Diana Purkiss Part II

Essay #2: The house, the body, the child

In this essay, Purkiss argues for the inclusion of women’s depositions and statements when looking at witches even though they may not be wholly authentic as there is room for contamination. (Men would often dictate the statements as early modern women would not have been as able to write.) Her argument is that there is an overall theme of witches representing their fears and anxieties surrounding their gender roles. (Although, she also states that in reading these texts and creating this discourse, gender identity and ideology contribute to this creation, but that it is more complicated than boiling it down to men vs. women.

Purkiss asserts that the way witchcraft came to work and bed seen had its foundation in women’s social identity as the housewife and mother. Witchcraft often involved the witch overstepping her bounds in terms of the house or body. A witch invaded another women’s space to trifle with her weaving, dairy production, or child rearing. In this sense, a witch is not the opposite of the church, but the opposite of the mother herself, and she represents women’s fears about what could possibly go wrong.

What I found truly fascinating about this essay is the specific connection to boundaries. In invading one’s house or body, Purkiss asserts that it is specifically a breaking of the drawn boundaries and lines. The reason for my fascination is that one of my favorite quotes by Terry Pratchett claims that “witches look to the edges”. They are the guardians and protectors of the in-between spaces that no one else wants to tread. While there is no connection necessarily between the two, I found it interesting that in such different places a common idea arose-this connection between witches and boundaries.

Another thing that occurs in this essay is the introduction of how social issues such as food shortages and sickness came into play in the creation of witches. Purkiss begins drawing lines between real concerns people in the 16th-18th centuries faced that helped develop the fears about witches. For example, food shortages led to an increased reliance on dairy. One of the most recurring themes in witch activity was the spoiling of milk and other dairy products, such as cows producing blood rather than milk. Given the average families’ dependance on the dairy, it makes sense for the people who handled the dairy (the women) to begin to spin stories about why things go wrong and to place the blame on others. Otherwise, it is a failing of their own.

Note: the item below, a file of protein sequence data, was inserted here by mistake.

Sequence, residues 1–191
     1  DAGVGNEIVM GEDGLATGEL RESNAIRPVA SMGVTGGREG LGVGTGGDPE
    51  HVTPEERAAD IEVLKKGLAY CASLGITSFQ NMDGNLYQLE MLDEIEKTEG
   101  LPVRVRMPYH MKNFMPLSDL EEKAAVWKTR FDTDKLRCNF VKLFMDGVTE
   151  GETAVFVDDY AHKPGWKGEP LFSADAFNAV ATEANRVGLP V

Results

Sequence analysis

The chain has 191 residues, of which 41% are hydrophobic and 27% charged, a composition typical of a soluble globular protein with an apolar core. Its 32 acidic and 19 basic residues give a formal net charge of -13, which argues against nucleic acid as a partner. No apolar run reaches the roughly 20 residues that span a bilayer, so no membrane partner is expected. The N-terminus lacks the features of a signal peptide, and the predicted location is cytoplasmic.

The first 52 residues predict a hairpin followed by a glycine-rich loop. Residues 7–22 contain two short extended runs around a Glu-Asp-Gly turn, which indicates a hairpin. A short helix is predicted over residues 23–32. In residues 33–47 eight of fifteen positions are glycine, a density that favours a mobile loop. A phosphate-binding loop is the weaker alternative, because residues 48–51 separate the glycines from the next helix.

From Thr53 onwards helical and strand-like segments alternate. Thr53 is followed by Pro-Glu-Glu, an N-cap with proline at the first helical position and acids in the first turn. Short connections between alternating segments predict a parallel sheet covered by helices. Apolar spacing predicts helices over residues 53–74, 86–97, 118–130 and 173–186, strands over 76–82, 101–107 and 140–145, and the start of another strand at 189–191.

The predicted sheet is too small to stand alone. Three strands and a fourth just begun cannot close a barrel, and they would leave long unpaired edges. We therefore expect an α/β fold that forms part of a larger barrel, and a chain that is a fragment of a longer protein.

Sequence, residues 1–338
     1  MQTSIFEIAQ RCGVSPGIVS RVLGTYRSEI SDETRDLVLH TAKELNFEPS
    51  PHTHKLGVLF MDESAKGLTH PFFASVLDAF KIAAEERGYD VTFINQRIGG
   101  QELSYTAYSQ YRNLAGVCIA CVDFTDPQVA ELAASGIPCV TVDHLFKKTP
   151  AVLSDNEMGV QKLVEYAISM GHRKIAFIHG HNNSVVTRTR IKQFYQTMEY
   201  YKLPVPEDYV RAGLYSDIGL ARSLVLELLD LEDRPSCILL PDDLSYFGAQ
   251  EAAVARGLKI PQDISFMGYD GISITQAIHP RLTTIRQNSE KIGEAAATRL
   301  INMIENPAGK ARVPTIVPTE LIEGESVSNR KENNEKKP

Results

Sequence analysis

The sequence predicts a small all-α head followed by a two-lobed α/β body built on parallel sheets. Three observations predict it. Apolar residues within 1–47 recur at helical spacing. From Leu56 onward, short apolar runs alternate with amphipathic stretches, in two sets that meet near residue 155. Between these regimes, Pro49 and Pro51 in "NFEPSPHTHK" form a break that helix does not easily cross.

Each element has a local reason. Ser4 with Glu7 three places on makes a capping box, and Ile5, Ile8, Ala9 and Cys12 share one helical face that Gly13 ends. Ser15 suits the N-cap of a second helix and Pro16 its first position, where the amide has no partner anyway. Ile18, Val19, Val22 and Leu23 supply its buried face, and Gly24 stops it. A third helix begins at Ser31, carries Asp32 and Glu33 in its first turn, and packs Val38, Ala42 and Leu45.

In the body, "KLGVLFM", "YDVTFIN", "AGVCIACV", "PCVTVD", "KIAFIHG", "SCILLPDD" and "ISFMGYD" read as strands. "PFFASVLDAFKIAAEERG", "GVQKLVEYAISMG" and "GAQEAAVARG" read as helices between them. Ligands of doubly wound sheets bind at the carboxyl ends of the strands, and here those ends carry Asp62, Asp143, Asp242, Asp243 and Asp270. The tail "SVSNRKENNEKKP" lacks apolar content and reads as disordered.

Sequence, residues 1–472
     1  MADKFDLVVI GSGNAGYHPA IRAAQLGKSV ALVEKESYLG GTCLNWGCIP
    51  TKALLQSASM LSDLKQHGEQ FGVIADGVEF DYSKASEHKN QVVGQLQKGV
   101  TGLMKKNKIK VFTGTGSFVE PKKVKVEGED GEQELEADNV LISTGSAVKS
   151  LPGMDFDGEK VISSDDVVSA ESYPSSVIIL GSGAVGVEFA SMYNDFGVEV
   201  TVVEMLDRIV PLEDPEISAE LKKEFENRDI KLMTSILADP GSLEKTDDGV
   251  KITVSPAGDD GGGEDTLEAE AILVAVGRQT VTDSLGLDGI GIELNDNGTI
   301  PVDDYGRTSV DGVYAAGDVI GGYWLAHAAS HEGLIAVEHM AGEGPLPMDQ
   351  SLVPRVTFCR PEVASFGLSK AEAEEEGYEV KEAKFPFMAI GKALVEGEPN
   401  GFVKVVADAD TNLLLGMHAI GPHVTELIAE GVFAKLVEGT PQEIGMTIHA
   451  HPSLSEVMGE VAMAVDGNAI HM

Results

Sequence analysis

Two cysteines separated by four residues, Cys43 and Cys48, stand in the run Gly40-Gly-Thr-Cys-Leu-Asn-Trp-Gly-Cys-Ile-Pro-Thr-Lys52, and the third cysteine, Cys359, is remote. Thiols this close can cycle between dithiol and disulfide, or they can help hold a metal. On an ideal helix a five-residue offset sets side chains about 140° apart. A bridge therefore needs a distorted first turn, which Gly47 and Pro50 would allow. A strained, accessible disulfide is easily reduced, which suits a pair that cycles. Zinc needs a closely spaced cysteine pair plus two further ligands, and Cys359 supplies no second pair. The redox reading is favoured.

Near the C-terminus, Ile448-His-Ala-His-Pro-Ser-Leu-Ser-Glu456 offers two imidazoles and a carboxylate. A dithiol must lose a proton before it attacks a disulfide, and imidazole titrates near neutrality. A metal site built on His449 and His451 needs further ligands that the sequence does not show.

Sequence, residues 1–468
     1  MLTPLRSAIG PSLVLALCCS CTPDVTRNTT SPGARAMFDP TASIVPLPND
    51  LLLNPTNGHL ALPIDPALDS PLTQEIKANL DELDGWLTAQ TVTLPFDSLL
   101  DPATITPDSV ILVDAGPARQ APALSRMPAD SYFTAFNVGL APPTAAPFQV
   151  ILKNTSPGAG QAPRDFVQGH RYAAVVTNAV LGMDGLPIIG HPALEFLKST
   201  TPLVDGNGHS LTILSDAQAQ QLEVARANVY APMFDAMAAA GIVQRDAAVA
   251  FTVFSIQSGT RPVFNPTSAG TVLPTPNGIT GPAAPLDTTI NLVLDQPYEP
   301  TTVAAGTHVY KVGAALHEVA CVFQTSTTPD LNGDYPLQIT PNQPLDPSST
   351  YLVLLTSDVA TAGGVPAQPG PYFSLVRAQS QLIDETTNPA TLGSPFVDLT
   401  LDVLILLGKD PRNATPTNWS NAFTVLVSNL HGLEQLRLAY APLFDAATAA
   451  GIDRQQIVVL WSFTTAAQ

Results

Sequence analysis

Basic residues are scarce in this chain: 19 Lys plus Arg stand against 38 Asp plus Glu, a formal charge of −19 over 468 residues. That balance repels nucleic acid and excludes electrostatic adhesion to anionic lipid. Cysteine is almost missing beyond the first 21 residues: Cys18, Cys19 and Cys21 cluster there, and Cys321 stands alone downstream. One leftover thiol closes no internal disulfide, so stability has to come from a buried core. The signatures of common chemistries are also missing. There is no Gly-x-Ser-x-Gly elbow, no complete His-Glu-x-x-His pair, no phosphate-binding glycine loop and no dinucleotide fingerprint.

This essay is a good inclusion to the class because it introduces the idea of women creating this figure, but in a more historical sense. Purkiss begins to explore here how women were instrumental in creating the basis for the traditional stories and perceptions of witches due to their own very real fears that had foundations in social order. It also opens up questions about the true definition and identity of the witch and how she has been translated from history into modern times.

Essay #3: No limit, The body of the witch

Here, Purkiss delves deeper into explaining exactly how the fears of women created a feminized witch figure, one that ultimately deals with the boundaries and limits of the body. It should be noted that Purkiss does not rely on the discourse of women’s bodies being battlefields. Rather, she explores bodies and the way society at the time represented them in myth as more physical representations of women’s fears and the failings of early modern medicine. As in the last essay, she ties the myths about witches into very real anxieties about being a mother.

Purkiss asserts that magic is about “degrees of closeness” and “setting and controlling limits”. (120) She connects this discussion about bodies back to limits, early modern medicine’s theories on women’s bodies, and anxieties about not being able to be a good mother. In addition, the “ugly witch” is introduced as a byproduct of both men’s and women’s fears. The “ugly witch” is not an object of desire, in fact, this figure actively rejects being an object of desire as well as embodying the “bad mother” aspect for she is seen as more militant and ruthless. She is dominating and threatens more than just the women’s domestic sphere.

While perhaps not as explosively enlightening as the first two, this essay makes some very important connections between actual societal issues at the time and the stories born out of them. Additionally, there are a lot of points that can be connected back to some of the sources already read. For instance, it is the loss of a baby that sparks the plot to The VVitch, and the moment of doubt at the end of the movie allows for a brief moment of “what if”, what if this is all just a family that is too close to each other and too far isolated from everyone else? Thanks to the director’s vision, these fears about being a good mother, a good provider, and coming out from under your mother’s control are all very clear in the film. Purkiss’ essay creates an academic basis for which to talk about these very fears. In addition, part of Tansy’s need to protect Norman in Conjure Wife comes from her need to prove herself to the other wives. She has entered their domain as a newer, much younger version of themselves and so she must forcefully create space for both herself and her husband. There is much in Conjure Wife about setting boundaries within the body and the home. Finally, both graphic novels involve problematic mother/daughter relationships as well as magic that influences and oversteps the bodies of others.

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